One of the questions we regularly receive is; ‘How do we buy the official Carruthers tartan’? Carruthers have never had a tartan of its own until one was registered in our name recently.
In fact, there is no evidence that any Scottish clan or family had a tartan assigned to their name prior to the early 1800’s and the Grand Ball in Edinburgh of George the IV in 1822 which made Scottishness and tartan in vogue. This included Highland, Lowland or Border clans and families.
Carruthers, whose Chief had died in 1809, were not invited, and the Chiefship lay dormant until 2019, when the 4 x great grandson of the last Chief was confirmed.
The Red Carruthers tartan was registered in 2017 with the Scottish Register of Tartans, this was the first ever registered/recorded against our name in our full and rich history. The registrant was Dr George Carruthers of Fife, Scotland who commissioned Brian Wilton MBE to design a tartan that represented our heritage. He felt that, while moving towards the first Carruthers chief since the death of John Carruthers 12th of Holmains, in 1809, that we should have our own visual identity through a Carruthers tartan, which reflected our place in Border and Scottish history.
Because it was designed by us, we were able to choose the colours and the meanings behind them. The first part of the commission was to recognise our tradiotional links with the House of Bruce. The second was to ensure it was distinct in coloration and portayed through its weave, who and what Carruthers were.
The meanings of the colours are:
- The green, purple and lilac represents the lands of our family’s origins in Annandale, Dumfriesshire, South West Scotland.
- The reds, represents the blood we spilt throughout history for our country, our lands and our family, both at home and abroad.
- Finally, but no less important, the subtle white stripe is in recognition of our family’s historic support for the Jacobite cause and the Royal House of Stuart.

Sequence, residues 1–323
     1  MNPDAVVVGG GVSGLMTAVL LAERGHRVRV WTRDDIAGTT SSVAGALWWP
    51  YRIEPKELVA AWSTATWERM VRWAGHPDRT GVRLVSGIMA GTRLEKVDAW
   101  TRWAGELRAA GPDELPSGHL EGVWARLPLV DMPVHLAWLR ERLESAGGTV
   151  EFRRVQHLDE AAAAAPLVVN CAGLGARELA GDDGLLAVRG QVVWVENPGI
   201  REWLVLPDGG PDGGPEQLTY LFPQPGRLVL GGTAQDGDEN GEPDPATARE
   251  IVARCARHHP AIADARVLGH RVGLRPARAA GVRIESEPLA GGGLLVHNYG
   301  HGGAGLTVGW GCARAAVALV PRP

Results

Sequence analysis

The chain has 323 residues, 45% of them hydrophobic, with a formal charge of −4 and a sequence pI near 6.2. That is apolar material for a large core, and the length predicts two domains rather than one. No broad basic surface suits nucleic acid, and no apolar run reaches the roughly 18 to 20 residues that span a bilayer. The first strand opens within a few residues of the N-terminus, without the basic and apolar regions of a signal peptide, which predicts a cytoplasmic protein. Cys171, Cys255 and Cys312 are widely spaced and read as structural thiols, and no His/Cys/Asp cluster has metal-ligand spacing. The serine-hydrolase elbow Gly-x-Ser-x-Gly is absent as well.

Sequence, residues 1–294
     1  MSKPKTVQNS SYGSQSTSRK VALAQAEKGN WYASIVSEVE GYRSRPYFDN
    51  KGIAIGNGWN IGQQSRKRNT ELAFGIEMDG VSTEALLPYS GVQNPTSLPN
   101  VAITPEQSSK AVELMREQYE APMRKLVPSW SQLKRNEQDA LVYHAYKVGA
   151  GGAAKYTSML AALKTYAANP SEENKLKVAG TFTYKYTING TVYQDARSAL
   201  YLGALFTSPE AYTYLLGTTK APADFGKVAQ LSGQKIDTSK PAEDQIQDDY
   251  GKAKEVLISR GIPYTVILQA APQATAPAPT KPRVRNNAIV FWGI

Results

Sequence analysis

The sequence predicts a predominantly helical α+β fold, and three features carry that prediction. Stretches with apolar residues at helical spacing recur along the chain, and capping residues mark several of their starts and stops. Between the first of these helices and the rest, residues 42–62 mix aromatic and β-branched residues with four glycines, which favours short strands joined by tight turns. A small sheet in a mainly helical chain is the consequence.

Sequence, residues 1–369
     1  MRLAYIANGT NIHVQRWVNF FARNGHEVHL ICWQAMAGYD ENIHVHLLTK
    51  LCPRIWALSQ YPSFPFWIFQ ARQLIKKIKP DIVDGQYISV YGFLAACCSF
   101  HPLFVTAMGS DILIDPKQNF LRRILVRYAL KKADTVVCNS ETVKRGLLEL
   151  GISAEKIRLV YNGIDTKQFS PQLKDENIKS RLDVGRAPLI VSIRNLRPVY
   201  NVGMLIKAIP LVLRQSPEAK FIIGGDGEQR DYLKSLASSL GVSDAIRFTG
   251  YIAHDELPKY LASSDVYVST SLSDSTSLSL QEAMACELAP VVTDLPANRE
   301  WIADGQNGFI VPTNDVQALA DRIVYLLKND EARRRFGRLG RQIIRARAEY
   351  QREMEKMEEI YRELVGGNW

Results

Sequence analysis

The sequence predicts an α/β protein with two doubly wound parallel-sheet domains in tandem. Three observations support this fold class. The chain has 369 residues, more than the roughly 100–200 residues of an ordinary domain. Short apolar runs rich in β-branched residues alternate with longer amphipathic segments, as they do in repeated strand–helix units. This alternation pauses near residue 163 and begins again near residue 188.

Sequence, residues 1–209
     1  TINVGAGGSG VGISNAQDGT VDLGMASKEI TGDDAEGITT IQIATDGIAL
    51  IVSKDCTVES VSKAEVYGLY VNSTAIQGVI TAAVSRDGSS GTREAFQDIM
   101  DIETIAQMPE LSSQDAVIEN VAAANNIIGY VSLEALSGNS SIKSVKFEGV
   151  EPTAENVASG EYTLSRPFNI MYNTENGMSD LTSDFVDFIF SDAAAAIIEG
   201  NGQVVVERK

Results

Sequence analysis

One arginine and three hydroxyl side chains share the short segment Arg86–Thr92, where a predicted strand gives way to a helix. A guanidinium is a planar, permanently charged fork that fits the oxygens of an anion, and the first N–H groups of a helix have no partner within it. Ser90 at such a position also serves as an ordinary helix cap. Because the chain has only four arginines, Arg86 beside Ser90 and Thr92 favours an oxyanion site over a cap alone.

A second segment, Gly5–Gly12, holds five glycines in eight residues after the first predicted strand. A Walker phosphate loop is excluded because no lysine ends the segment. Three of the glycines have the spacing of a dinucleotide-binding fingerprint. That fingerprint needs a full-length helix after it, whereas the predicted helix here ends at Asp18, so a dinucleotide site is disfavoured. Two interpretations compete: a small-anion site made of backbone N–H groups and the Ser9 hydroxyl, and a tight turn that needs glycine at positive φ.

Carruthers’ relationship with Bruce
Like other armigerous (chiefless) clans and families prior to the early 1800’s, Carruthers had been traditionally listed as a sept under Bruce and although proud of the link, we had always been a clan and family in our own right with a chief/heidsman of our own.
Although we wore the Bruce tartan with pride, it was never going to be ours, whether called; ancient, modern, weathered or otherwise, irrelevent who wove it or where it was bought. Therefore, the wearing of the Bruce tartan, which is registered to their name whatever the prefix or suffix, was always going to define the wearer as being a Bruce and not a Carruthers.
Bruce have 14 tartans officially registered to their name on the Scottish Register of Tartans. These include personal and district tartans and of course the most common clan/family tartans they use.
In particular and on their website, they have highlighted four of them: (Modern )Bruce Modern, (Ancient) Bruce Ancient, (Weathered)Bruce Weathered and (Kinnaird) Bruce of Kinnaird as being their traditional choice. This statement in itself finally puts to bed the concept that the Ancient Bruce is in some shape or form owned by Carruthers or was gifted to them, as it simply was not.